While this is a process that doesn't require much work, it does take a good deal of time, so if you want to serve dinner at 6:00 P.M., you'll need to get started by 9:00 in the morning. You'll either need a six- to seven pound fresh shoulder picnic or Boston Butt (the two halves cut from the twelve- to fifteen-pound whole shoulder, which is what's barbecued by restaurants); a covered, kettle type grill; ten pounds of high quality hardwood charcoal (I prefer Kingsford); a bag of hickory wood chunks (not chips); a second grill or other container for lighting additional coals; a small shovel or scoop; and a pair of heavy-duty rubber gloves.
Begin by generously salting the exposed meat side of the picnic or Boston Butt and leave it out at room temperature for thirty minutes or so while you're getting the charcoal fire ready. Light five pounds of charcoal in the bottom of the grill and wait until the briquettes are entirely covered with gray ash. When the coals are ready, leave six or seven briquettes in a ten-inch circle at the center of the grill and push the remaining briquettes into two even piles on opposite sides of the grill. Gently place two hickory chunks on top of each pile, being careful not to collapse the mound of briquettes. When the chunks begin to smoke, put the wire cooking grate in place and set the shoulder on it, directly over the circle of coals in the center. Place the meat side down so that the fat can drip all the way down through the meat and onto the coals (this keeps the meat from drying out). Place the cover on the grill, leaving the ventilation holes completely open.
(Note: When working with a charcoal fire this small, I've found that hickory wood chips don't work very well. If you soak them in water for thirty minutes, as the manufacturer recommends, they often kill the coals when they are placed on the fire, whereas if you put them atop the briquettes without soaking, they tend to catch fire, causing excessive darkening and drying of the meat. The larger chunks, on the other hand, are slow to burst into flame and usually provide a good thirty minutes of smoke before they need replacing. You won't need to soak them, since they'll seldom burst flame up as long as the cover is on the grill.)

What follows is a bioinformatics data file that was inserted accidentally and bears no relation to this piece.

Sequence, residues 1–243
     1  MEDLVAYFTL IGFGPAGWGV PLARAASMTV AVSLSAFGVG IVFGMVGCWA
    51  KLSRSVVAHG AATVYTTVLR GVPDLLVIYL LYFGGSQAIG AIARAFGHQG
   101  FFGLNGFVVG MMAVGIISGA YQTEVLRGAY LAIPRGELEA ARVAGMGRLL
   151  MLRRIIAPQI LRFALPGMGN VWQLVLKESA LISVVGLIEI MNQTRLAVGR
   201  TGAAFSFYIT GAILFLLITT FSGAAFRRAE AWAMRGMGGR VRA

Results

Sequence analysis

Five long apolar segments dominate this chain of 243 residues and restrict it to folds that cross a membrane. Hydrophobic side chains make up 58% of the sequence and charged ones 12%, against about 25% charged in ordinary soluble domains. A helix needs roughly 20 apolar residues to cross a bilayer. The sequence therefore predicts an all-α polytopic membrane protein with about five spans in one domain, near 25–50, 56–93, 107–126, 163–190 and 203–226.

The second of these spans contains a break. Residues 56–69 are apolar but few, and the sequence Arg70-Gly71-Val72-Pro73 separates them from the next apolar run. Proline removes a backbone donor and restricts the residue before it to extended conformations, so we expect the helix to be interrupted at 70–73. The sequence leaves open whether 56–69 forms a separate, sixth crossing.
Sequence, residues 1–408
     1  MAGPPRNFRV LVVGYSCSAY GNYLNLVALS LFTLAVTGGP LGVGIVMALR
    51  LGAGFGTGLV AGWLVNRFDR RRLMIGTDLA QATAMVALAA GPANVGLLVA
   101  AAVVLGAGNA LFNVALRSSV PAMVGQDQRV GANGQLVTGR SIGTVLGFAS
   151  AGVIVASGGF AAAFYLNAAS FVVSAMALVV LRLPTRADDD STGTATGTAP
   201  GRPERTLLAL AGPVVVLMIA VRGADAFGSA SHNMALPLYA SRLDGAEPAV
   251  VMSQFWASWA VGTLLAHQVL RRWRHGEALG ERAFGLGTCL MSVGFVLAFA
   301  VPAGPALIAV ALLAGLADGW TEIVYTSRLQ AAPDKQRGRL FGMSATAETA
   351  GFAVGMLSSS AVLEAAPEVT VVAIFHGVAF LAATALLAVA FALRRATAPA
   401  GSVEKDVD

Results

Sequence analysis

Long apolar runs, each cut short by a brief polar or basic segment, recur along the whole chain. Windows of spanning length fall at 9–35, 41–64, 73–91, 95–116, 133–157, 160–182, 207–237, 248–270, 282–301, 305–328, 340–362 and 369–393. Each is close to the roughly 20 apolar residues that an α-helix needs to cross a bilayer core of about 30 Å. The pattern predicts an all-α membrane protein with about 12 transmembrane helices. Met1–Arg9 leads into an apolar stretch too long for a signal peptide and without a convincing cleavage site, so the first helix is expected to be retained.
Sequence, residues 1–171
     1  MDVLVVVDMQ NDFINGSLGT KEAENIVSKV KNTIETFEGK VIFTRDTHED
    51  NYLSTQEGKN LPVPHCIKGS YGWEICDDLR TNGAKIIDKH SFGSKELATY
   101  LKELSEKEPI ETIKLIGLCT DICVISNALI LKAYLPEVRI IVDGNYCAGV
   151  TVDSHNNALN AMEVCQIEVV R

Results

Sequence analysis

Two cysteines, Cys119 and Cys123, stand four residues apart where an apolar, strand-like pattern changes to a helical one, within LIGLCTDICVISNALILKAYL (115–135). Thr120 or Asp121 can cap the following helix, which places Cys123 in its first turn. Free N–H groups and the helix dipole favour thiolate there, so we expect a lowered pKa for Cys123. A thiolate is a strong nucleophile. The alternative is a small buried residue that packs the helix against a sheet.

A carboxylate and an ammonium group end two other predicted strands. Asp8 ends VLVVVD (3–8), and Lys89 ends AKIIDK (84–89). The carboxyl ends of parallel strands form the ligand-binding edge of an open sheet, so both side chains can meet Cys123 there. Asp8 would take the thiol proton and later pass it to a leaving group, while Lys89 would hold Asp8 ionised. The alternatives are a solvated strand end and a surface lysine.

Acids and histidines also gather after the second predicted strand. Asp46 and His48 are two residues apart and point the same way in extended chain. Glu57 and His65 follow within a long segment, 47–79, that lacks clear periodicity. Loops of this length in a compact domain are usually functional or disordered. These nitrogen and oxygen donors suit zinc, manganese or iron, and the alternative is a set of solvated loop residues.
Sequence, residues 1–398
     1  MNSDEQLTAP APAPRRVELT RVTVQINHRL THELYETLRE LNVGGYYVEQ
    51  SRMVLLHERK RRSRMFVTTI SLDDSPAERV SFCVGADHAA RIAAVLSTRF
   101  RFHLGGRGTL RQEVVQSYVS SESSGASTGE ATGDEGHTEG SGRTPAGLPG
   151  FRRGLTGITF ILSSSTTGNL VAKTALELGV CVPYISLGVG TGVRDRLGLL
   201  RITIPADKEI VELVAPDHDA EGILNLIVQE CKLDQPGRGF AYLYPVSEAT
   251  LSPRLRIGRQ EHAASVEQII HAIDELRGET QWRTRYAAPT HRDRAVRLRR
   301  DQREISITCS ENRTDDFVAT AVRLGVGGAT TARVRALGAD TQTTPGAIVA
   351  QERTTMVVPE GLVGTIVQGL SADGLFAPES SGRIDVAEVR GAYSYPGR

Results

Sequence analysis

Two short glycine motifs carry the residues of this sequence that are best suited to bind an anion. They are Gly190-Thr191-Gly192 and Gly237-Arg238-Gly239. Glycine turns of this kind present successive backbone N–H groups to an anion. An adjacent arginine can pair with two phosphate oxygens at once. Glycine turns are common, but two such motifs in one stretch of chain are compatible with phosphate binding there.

As soon as you have the meat on the fire, you'll need to light another pile of around twelve briquettes in your secondary grill or fire bucket so that they'll be ready to add to the grill in approximately thirty minutes. When the briquettes are completely covered with gray ash, transfer them to the grill, gently adding six briquettes to each pile. Some kettle grills, such as the Weber brand, have an opening at each side of the wire cooking grate that allows you to add additional coals or wood chunks without removing the grate. Lay two more hickory chunks atop the fresh coals on each side, replacing the grill's lid as quickly as possible.
One of my favorite outdoor-cooking implements is a folding, army-surplus shovel or entrenching tool, which is ideal for transferring the lighted coals from one grill to the other. Actually, any small shovel or scoop will serve; a pair of barbecue tongs will also do the trick nicely, although tongs take a little longer since you can move only one briquette at a time.
Continue adding six fully lit briquettes and two hickory chunks to each side of the grill every thirty minutes or so. You won't need to add any more briquettes to the center, directly under the meat-the meat will become deeply browned without any additional coals in the center. In between the addition of fresh coals, try to resist the temptation to lift the lid to inspect the meat-this causes significant heat loss and slows down the cooking process.
Around 3:30 or 4:00 in the afternoon-or after about six hours on the grill-turn the picnic or Boston Butt so that the meat side is facing up. At this point, you can reduce the number of coals to four or five on each side if it looks as though the meat is browning too quickly, but it's important to keep adding coals and wood chunks on a regular basis so that the temperature in the kettle grill doesn't get too low.
After another couple of hours of cooking with the skin side down, both the exposed meat and the skin of the shoulder should be a deep reddish brown. Put on your rubber gloves and give the meat a good squeeze with both hands; it should be done enough for you to feel the meat "give" beneath your fingers. Wearing the rubber gloves, transfer the shoulder from the grill to a pan or a cutting board. The skin covering one entire side of the shoulder should easily lift off in one piece with just a gentle tug. Set the skin aside and use a sharp knife to scrape or cut away any fat which may be clinging to the meat. The remaining lean meat should be tender enough for you to easily tear it off the bone in chunks by hand, although it's all right if you need to use knife to finish the job.
Arrange the chunks of meat into a pile on the cutting board and chop the cooked pork to the consistency you like with a heavy cleaver. (You may prefer to either slice the meat or continue pulling it into smaller pieces with your fingers.) The meat should be liberally splashed with a sauce of your choice- a tart, vinegar-tomato, Lexington-style sauce would be appropriate-and served either on a plate accompanied by coleslaw or on a warm, soft bun t